’90s Week: From “Paris Is Burning” to “Boys Don’t Cry,” the history of independent film is the history of queer film.
Coined by the film historian and critic B. Ruby Rich in 1992 to give voice to the explosion in queer film she was witnessing on the burgeoning film festival circuit, the New Queer Cinema’s influence on independent film cannot be overstated. The ‘80s saw films like Jim Jarmusch’s “Stranger Than Paradise” and Steven Soderbergh’s “Sex, Lies, and Videotape” explode the idea of what film could be, in turn inspiring a new generation of radical queer filmmakers to pick up the camera and crack the whole thing wide open.
As Hollywood churned out blockbusters like “Terminator 2” and “Jurassic Park,” anyone paying attention could see that the real fun was being had way below budget. Sundance was still a new little gathering in Park City, where someone fresh out of film school could show a film and meet likeminded artists. Throughout the decade, Sundance gradually established itself as the epicenter of the American film market, and suddenly indie movies had a real shot at playing in theaters worldwide.
Documenting Queer Life
Shot in the mid-to-late ‘80s, “Paris Is Burning” is one of the biggest titles that came to define the genre. Premiering in 1990 and hitting theaters in 1991, Jennie Livingston’s seminal documentary started the decade in queer film off with an explosive bang. The bold characters, fabulous fashion, and gravity-defying dances were unlike anything most moviegoers had ever seen. Though the flashiness got people in seats, Livingston foregrounds her subjects’ humanity, sharing the discrimination, stigmatization, and alienation that created a need for a ballroom community.
In turning the camera on the fabulous people society tried so hard to hide, the film also celebrated the beauty and bravery it takes to protect and uplift each other through music, dance, and self-expression.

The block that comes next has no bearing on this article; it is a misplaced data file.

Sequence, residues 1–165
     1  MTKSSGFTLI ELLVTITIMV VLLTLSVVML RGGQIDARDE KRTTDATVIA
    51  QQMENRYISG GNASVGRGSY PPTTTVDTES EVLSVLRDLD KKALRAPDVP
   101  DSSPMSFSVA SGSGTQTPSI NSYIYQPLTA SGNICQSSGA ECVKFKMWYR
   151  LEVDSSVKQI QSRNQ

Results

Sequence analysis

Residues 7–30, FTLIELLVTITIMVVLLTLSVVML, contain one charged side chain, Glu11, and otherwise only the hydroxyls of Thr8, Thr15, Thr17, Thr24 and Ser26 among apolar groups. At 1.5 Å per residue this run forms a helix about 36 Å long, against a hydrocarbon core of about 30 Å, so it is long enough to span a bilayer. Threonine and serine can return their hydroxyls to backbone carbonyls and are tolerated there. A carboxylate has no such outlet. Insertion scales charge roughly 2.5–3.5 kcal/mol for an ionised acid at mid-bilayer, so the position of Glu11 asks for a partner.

Without being too didactic, “Paris Is Burning” laid bare the nascent concept of “intersectionality,” the overlapping effects of oppression based on race, class, and gender. For her understanding of these issues, Livingston was undoubtedly influenced by the films of Marlon Riggs, whose evocative portraits of Black gay men living through the AIDS crisis are unparalleled in scope and artistry. While Riggs’ early work came out in the late ‘80s, both “Color Adjustment” (1992) and “Black Is… Black Ain’t” (1995) left an indelible mark on queer film and the portrayal of marginalized communities onscreen.
The Scrappy Lesbian Comedies, from “Go Fish” to “But I’m a Cheerleader”
As the first film to be sold to a distributor at Sundance in 1994, one could argue the indie film market was launched by a little lesbian rom-com called “Go Fish.” Directed by Rose Troche and written by Troche and Guinevere Turner, this scrappy black-and-white comedy sets its modern romance amongst a smart group of lesbian friends in Chicago. “Go Fish” cost $15,000 to make, sold to Samuel Goldwyn for $450,000, and went on to gross nearly $2.5 million.
It was like the world suddenly discovered lesbians existed in 1994. “Go Fish” has been celebrated for proving the marketability of lesbian films, but Troche has another view.